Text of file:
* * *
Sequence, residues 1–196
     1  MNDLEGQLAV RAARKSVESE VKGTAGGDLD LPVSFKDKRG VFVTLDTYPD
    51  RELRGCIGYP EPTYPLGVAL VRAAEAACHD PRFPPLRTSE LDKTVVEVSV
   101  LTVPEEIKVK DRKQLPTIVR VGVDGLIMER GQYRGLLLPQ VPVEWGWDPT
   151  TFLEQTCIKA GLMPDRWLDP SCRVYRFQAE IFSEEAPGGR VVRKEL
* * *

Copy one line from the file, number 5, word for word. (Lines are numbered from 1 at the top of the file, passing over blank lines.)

   151  TFLEQTCIKA GLMPDRWLDP SCRVYRFQAE IFSEEAPGGR VVRKEL